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Population Exposures and Health

Finding an environmental chemical in a person's blood or urine does not mean that it causes health effects or disease. In general, how harmful a chemical is—its toxicity—depends on the chemical properties and how much a person is exposed to. Certain factors like body size, age, health conditions, and health behaviors also affect how harmful the chemical may be to each person. In addition, some chemicals can stay in the body for a long time while others can be eliminated quickly. Some chemicals are broken down and eliminated from the body in days. For the most part, chemical levels that are measured in population biomonitoring are not known to cause health effects.

A diverse crowd.

For some chemicals, we know more about the health effects caused by environmental exposures. For example, many studies have shown that exposure to lead can lead to a variety of health problems, particularly in children. As a result, CDC has published guidelines on preventing lead poisoning among children. CDC has published similar guidelines for preventing lead exposure in pregnant and lactating women and on the job. As another example, CDC's National Tobacco Control Program is working to reduce secondhand smoke exposure among nonsmokers. Measurements of cotinine in nonsmokers' blood help track secondhand smoke exposure and help evaluate how effective smoking reduction policies and regulations are.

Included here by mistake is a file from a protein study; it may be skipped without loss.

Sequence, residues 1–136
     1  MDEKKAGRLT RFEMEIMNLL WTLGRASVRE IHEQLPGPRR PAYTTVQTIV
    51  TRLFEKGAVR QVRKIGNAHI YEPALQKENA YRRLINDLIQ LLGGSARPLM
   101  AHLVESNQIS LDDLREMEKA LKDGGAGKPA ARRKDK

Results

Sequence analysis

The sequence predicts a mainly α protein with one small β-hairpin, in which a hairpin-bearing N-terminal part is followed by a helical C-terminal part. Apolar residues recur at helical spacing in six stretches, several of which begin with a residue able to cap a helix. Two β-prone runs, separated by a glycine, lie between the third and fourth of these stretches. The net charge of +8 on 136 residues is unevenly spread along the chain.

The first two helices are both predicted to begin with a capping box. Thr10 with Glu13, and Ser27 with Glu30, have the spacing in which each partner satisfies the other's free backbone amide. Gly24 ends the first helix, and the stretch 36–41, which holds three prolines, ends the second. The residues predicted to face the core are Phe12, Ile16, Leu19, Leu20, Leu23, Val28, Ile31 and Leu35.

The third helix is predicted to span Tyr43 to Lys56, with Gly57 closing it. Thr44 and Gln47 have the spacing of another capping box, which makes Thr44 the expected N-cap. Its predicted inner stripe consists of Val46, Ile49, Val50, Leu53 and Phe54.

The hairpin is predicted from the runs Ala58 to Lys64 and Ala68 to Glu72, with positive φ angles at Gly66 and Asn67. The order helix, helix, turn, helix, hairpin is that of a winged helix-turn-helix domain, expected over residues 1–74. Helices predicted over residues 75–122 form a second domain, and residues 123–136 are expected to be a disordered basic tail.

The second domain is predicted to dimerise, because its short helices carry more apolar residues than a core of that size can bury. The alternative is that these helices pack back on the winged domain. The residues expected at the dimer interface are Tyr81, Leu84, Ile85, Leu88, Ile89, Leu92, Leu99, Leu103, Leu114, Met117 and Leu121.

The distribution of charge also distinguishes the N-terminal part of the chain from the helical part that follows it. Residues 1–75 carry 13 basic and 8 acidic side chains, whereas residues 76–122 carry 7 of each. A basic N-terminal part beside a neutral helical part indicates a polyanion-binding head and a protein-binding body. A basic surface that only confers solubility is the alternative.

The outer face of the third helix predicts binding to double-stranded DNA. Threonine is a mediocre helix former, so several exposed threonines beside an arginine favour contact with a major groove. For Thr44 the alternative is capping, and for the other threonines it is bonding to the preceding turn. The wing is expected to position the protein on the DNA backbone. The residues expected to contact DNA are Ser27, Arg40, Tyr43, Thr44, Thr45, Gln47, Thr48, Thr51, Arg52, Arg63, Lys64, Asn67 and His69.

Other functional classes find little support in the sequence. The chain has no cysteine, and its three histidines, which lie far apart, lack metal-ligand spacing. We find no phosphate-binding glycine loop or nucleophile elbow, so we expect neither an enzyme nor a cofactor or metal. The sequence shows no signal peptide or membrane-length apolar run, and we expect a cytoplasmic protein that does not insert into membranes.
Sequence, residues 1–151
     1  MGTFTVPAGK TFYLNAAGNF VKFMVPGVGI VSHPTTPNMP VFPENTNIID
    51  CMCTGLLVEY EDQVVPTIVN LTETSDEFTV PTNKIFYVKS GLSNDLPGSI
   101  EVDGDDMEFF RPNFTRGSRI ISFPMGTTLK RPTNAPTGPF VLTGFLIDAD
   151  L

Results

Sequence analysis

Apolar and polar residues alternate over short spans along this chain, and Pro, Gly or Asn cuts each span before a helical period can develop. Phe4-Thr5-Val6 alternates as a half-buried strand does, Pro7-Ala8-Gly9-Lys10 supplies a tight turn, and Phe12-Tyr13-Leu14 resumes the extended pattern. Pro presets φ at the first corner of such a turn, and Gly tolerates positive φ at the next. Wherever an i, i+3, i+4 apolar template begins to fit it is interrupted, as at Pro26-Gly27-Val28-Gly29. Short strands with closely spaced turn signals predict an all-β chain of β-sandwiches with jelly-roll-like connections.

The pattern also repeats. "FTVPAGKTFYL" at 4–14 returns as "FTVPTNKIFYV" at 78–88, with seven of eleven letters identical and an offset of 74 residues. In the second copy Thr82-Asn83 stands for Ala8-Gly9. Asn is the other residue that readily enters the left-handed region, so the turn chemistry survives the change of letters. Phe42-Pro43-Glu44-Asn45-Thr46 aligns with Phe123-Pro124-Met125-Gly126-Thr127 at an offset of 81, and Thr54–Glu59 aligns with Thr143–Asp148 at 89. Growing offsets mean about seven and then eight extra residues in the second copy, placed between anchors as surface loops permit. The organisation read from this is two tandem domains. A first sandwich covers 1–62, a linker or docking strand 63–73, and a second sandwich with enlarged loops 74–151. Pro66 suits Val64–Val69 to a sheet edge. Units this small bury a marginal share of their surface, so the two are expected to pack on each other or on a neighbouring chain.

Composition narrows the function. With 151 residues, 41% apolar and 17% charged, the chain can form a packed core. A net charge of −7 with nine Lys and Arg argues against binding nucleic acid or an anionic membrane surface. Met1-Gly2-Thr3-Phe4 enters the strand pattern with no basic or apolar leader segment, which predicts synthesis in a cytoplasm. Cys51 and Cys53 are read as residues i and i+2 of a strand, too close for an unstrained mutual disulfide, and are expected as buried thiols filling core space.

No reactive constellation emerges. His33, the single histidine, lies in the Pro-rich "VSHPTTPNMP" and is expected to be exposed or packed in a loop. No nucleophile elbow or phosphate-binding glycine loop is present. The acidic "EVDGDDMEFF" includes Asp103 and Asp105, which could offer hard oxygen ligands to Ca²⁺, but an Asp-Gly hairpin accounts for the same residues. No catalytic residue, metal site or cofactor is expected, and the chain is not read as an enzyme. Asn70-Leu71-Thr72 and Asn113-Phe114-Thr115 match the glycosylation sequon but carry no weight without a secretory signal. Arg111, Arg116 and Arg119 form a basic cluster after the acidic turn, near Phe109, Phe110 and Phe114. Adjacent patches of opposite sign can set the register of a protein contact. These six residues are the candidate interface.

Avoiding chemicals entirely can be hard, but you can help reduce your and your family's exposure to environmental chemicals.

Healthy Habits Anywhere

  • Wash hands often–especially before eating
  • Quit smoking and using tobacco products.
  • Avoid tobacco smoke.
  • Limit contact with gasoline, gasoline fumes, and vehicle exhaust.

Healthy Habits at Home

A bucket and cleaning supplies.
  • Read the labels on household chemicals that you use, like pesticides, cleaners, or glues, so you can be aware of any special steps you should take to protect your health.
  • Follow product instructions for proper use of household chemicals.
  • Keep household chemicals in their original containers and out of reach of young children.
  • Take basic steps to prevent or decrease your exposure to lead if you remodel buildings built before 1978 or if your work or hobbies involve using lead-based products. For example, shower and change clothes after finishing the task.
  • Wash fruits and vegetables before eating them.
  • Recycle and dispose of household hazardous waste, like fluorescent light bulbs and mercury thermometers, responsibly.
  • Use smart wood burning practices.

Healthy Habits at Work

  • If you work with or around chemicals, talk with your supervisor or worksite health and safety officer to decide if you should take specific steps to protect yourself.
    • Use personal protective equipment.
    • Take extra care to prevent carrying chemicals home on your clothes, hair, body, or tools.

Healthy Habits in Your Community


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